This was used in my solving of SPOJ 11110. Easy Longest Increasing Subsequence ELIS and is in git and below:

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# Tag Archives: spoj

# Kruskal’s Algorithm & Quick Union

**The gist:**

- For each edge by weight ascending
- If nodes are in same component, forget/skip
- Else take edge and merge the two components

Here’s my implementation used in the solving of SPOJ 368. Cobbled Streets CSTREET, in git and below:

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# Prim’s Algorithm & Pairing Heap

My implementation is used to solve SPOJ 3188. Minimum Spanning Tree MST, and is in git and below:

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# Kosaraju’s Algorithm

The algorithm runs in two phases:

**Phase 1:**

- grab an unseen node and perform depth-first search.
- add node to stack after children processed.
- while unseen nodes exist…

**Phase 2:**

- pop node off stack.
- graph traversed against directed edges.
- all within traversal belong to one strongly-connected component.
- while stack is not empty…

This algorithm is used in my solving of SPOJ 13990. Web islands WEBISL; implementation is in git and below:

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# Red John is Back

You need to build a solid wall that’s 4-high and N-wide using 4×1 bricks. The question: how many distinct walls can you build?

If you place a brick vertically, that takes up one entire column. Placing 4 bricks horizontally takes up four. The solution makes use of the simple dynamic programming recursion shown below:

Without further ado, my DP implementation is in git and below:

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# Power the Power Up

How do you solve where is prime?

Reality check: you can’t just crunch the numbers since this might be .

First, the highest part must be chopped down. Fortunately our answer is taken modulo a prime number. So if we can solve for where , we can safely take .

E.g. if , then ; these exponents disappear.

This is Fermat’s Little Theorem (a.k.a. phi function, totient), giving us when is prime.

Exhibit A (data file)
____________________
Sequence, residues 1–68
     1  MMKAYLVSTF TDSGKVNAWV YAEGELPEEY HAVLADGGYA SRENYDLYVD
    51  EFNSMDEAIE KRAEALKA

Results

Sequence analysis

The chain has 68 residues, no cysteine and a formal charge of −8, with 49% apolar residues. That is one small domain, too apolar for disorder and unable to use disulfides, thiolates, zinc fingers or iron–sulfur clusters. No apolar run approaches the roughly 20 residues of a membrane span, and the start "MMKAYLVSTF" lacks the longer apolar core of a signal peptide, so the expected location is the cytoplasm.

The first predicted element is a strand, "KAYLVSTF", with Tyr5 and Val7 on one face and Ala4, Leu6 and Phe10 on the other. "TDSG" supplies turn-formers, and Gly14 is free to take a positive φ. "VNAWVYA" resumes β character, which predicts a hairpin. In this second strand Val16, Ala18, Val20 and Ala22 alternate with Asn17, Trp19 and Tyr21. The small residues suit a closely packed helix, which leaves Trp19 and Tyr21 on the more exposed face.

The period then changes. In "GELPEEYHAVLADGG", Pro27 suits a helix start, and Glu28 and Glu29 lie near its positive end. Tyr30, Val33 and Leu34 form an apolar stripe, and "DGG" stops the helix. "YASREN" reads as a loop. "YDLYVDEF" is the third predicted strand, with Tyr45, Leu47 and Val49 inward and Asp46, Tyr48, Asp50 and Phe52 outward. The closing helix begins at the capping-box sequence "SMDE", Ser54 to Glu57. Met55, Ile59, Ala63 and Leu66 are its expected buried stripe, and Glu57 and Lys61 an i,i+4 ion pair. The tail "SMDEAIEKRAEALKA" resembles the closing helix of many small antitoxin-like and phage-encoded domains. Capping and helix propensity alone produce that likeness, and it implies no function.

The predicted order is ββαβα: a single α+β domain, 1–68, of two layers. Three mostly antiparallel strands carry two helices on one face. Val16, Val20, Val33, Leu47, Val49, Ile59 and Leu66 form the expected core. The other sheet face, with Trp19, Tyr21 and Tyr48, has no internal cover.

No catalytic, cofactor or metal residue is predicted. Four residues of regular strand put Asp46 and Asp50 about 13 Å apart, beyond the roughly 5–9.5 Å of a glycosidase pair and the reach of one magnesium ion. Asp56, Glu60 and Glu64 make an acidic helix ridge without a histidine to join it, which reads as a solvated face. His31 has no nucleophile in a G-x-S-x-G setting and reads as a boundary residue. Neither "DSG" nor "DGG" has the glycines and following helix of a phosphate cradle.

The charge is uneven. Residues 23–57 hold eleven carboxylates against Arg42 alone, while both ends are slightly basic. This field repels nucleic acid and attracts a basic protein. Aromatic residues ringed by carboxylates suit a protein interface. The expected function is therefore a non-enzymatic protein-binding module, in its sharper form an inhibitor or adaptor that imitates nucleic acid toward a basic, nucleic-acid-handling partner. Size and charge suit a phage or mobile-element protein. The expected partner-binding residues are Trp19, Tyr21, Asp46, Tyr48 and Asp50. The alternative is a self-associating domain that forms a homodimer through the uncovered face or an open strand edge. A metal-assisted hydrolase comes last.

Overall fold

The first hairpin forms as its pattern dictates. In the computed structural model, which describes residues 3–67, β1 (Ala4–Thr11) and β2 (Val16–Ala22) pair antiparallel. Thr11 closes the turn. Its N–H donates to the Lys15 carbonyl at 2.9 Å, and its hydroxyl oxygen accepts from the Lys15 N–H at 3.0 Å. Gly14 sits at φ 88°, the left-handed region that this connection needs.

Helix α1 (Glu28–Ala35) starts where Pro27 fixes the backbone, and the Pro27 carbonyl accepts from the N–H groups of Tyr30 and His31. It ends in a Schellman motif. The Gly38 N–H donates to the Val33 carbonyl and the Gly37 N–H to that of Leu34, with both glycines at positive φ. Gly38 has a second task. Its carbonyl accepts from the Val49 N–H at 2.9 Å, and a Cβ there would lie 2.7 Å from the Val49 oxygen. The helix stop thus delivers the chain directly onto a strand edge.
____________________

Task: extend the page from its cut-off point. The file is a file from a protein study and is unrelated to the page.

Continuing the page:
So, calculate using modular exponentiation. Then do it again on with . This operation is as follows:

typedef unsigned long long uint64; uint64 modular_pow(uint64 base, uint64 exp, uint64 mod) { uint64 result = 1; base = base % mod; while (exp > 0) { if (exp % 2 == 1) { result *= base; result %= mod; } exp >>= 1; base *= base; base %= mod; } return result; }

**But wait!** There’s one loose end: what if we can’t solve ? This case too must be handled but I’ll leave that to you.

# Curd Producers

You have several machines, each producing one item at its own speed. One might produce every 5 seconds, another every 1000.

The question: **what is the minimum time required to produce T items?**

The first calculation required is: how many items were produced by time X? This is a simple integer division calculation, as follows:

uint64 production(vector<uint32>& machines, uint64 time) { uint64 total = 0; for (uint32 m_ix = 0; m_ix < machines.size(); m_ix++) { total += time / machines[m_ix]; } return total; }

Also, in the problem the maximum time is limited to . So, we have a bounded search space where the result at a given time is easy to calculate. *What we've got here is a binary search.*

My solution is in git and below:

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# Eat All the Brownies

The question is: to divide a plane into X pieces, how many lines (cuts) are needed? Magically, the answer is found on page 499 of Knuth’s Concrete Mathematics 2nd Ed. (or p485 in this PDF), and is as follows:

N.B. is the binomial coefficient function.

So this solves for regions given the number of cuts. But in this problem we’re to solve it the other way around; this is done via binary search.

My solution is in git and here:

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# The Bridge to Home

You have a group of people on one side of a river, and it may only be crossed by a bridge; the bridge can take 1 or 2 at a time. All bridge-crossers must carry the lone flashlight, meaning each trip across must alternate — flashlight goes one way then back. Each person has a given “time to cross”, and two people crossing takes the longest time of the two. What is the minimum time (T) to cross?

e.g. You have times-to-cross of . So a solution is as follows:

across = 10

back = 3

across = 5

The algorithm has several cases as follows:

**1. Remaining < = 2:** simply cross

**2. Remaining == 3:** finish up, lo & mid, lo back, lo & hi

**3. Remaining > 3: ** shuttle two highest

lo = lowest

lo2 = 2nd lowest

hi2 = 2nd highest

hi = highest

N.B. Take the best of the two below. Using below for clarity.

**3a.** chauffeurs across, comes back and does the same for :

**3b.** chauffeurs and returns, and cross and (aha!) returns:

My solution is in git and below:

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# Closest Triplet

Given a set of N points, find the triplet with minimum sum of (3) distances. (Another way: find points forming a triangle with minimum perimeter.)

My solution uses this closest-pair algorithm (PDF), modified to suit. So, if you want to understand, that PDF is where you should really dig in.

My solution is in git and below:

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